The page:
The River Front House is located in Ottawa, Ontario, Canada and occupies a long narrow lot that glides down to the Ottawa River’s shore. A public access lane, however, compromises the home’s privacy along its western flank. In response, we created a 200 ft. long masonry wall and attached two separate pavilions in behind, one the primary residence, the other a garage topped with a gable ended loft.
This garrison wall encloses and protects a metaphorical “city.” Exaggerated roof gables seem almost to float above the firmly rooted base volumes of the two pavilions. The house and the garage are linked by a glazed passage that belies the muscular opaqueness of the outer wall. The natural stone-like gray of the pervasive concrete block is offset by a single, prominent raised mahogany plywood clad volume.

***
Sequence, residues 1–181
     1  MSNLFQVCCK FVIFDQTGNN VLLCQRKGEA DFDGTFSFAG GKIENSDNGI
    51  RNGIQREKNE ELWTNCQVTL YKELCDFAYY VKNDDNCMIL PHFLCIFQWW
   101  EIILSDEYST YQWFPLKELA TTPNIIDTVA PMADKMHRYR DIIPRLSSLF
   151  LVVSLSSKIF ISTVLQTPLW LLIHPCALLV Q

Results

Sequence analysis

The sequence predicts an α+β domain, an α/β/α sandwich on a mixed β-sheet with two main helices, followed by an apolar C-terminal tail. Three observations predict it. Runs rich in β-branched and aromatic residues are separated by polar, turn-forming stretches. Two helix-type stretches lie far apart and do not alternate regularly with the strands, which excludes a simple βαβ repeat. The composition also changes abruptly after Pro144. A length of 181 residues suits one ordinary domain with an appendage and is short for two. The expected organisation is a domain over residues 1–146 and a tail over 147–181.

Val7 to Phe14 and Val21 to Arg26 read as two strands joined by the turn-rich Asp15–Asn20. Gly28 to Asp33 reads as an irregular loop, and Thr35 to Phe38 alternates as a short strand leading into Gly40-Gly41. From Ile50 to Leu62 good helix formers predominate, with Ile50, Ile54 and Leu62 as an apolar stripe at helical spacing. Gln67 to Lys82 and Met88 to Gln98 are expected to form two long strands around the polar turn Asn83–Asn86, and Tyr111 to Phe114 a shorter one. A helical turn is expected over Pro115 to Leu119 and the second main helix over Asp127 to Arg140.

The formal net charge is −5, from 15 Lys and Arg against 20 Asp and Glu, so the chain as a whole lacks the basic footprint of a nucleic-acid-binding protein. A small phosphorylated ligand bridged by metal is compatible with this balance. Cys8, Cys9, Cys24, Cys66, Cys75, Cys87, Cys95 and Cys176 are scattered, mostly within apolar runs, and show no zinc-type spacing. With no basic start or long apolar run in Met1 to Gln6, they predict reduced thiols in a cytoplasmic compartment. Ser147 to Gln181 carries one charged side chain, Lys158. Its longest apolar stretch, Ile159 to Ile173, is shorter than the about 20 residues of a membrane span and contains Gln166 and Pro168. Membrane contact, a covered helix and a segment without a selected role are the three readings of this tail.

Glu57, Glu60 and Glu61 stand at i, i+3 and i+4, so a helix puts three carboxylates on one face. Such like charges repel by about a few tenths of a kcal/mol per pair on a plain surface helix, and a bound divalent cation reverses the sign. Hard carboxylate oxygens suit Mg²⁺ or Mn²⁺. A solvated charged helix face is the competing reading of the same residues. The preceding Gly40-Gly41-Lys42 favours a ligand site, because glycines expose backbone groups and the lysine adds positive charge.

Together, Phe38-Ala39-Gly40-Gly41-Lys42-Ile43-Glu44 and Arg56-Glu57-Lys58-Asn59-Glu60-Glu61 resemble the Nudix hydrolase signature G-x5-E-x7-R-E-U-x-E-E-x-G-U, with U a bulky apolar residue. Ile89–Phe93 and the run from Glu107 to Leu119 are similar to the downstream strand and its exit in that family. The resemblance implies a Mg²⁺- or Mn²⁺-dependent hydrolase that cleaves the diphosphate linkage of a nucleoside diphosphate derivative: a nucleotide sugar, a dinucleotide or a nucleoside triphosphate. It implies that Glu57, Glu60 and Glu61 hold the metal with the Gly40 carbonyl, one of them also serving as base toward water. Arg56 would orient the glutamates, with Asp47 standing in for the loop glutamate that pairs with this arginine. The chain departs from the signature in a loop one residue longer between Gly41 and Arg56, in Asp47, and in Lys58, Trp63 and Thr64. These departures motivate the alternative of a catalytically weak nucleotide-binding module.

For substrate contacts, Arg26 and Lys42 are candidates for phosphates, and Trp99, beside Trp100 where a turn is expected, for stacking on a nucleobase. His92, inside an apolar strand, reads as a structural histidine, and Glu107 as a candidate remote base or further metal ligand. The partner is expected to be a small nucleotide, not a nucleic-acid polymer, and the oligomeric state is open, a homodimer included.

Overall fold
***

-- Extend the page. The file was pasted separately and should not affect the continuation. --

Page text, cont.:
Immediately on entry, an extended threshold passage telescopes attention toward the lake and distant escarpment. A light-filled, double-height vestibule acts as a grand horizontal and vertical circulation spine and separates the entry passage from the carefully composed flowing open spaces of the living, kitchen and dining areas confronting the lake. Concrete block and white walls as well as naturally stained wood windows are used to frame both internal and external views.